Having lofty goals is great! But having lofty unattainable goals… not so much. Problem is, if you set your sights too high, you are more likely to fail. Yes, “shoot for the stars and you might accidentally land on the moon” is absolutely a great inspirational concept. However, let’s be realistic here. Little failures too easily derail us to the extent of giving up all together. So be honest with what you want and what you can achieve. Use the short and long term intention formula to help you- letting the short-term intentions serve as stepping stones towards your long-term intention. Think about your lifestyle and how you are willing and able to alter it in order to make room for the fulfillment of your intentions. And more than anything else, once those intentions are set and you are full-steam-ahead, if you have little setbacks, be understanding of yourself. I’m not saying that it’s okay to let yourself slack off, but don’t be too rigid either. You’re human.

It’s time to start paying attention to your weaknesses and the little things that derail your progress… then rewire how you handle them. If you want to take control of your life, you’ve got to take control of your response to weakness. And that’s the real test because, well, when you’re weak, it’s hard to be strong, no matter how badly you want to be. If you’re just having one of those days when an ego-deflating comment derails you and you turn to a red velvet cupcake, a cigarette, a drink, maybe you need to check that response, and come up with an alternative that will help keep your intention on target.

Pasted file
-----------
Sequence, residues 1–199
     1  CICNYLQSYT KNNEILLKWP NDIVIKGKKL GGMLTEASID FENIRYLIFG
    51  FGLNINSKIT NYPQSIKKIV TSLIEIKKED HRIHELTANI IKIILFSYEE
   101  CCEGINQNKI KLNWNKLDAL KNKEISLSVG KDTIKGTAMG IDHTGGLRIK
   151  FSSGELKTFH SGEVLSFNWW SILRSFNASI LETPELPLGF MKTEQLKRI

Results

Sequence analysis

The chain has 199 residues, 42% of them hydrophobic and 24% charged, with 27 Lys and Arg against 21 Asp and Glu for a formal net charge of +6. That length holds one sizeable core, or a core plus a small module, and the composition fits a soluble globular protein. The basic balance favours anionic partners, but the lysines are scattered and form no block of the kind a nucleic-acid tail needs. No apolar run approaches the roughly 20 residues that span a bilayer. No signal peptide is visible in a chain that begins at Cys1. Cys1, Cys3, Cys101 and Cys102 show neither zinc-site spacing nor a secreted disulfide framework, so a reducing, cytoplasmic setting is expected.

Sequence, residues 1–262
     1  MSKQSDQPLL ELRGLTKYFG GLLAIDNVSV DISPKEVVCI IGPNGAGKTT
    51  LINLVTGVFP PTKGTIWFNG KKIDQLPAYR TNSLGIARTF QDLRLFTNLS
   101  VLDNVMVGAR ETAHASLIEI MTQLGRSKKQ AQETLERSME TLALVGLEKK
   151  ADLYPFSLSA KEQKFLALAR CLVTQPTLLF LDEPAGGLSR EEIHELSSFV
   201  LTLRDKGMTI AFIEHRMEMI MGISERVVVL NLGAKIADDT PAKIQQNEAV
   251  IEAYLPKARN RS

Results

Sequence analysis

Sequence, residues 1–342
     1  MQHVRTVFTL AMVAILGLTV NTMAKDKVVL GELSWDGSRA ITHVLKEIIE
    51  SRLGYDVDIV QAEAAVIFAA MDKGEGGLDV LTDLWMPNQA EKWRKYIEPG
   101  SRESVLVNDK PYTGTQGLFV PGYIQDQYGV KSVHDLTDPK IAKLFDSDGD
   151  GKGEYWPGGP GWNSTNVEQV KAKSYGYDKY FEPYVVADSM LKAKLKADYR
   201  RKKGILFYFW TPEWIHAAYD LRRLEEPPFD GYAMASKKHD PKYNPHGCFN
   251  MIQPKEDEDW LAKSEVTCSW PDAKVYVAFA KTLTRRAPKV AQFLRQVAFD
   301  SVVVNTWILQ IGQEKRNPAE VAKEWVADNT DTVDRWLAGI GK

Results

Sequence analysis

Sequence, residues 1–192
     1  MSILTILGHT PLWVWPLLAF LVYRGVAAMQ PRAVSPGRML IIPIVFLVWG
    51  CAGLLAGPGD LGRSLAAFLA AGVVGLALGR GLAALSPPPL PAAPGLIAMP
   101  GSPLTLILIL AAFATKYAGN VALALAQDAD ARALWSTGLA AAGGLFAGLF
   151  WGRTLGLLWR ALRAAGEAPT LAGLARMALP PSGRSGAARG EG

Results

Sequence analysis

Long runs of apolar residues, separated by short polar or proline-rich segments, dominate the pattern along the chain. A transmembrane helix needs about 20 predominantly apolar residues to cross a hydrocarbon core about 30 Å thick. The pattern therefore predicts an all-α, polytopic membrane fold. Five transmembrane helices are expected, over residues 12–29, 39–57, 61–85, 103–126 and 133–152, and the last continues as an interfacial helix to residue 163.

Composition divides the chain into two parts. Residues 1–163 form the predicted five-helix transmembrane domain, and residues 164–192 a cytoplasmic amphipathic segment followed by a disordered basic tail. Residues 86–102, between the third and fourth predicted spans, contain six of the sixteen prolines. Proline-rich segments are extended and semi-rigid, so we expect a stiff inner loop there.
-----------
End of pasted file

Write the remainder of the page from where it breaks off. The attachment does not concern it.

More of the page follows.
More than helping to fulfill both the intentions of “Getting Fit” and “Losing Weight,” exercise can help you feel happier, quit smoking, minimize your alcohol consumption, stress less, and increase your energy. How? Read: Make up your mind and your body will follow.

-Exercise is known to help you Lose Weight and Get Fit by improving cardio function (translation: strengthening your heart), toning your muscles, and improving your health as a whole.

-Exercise can help you to Quit Smoking. How? You realize that you have a hard time breathing while working out, illuminating the real effect that smoking has on your body. It’s like a wake-up call. Read: Balding, Wrinkles & Oral Cancer… Smoking Sure is Sexy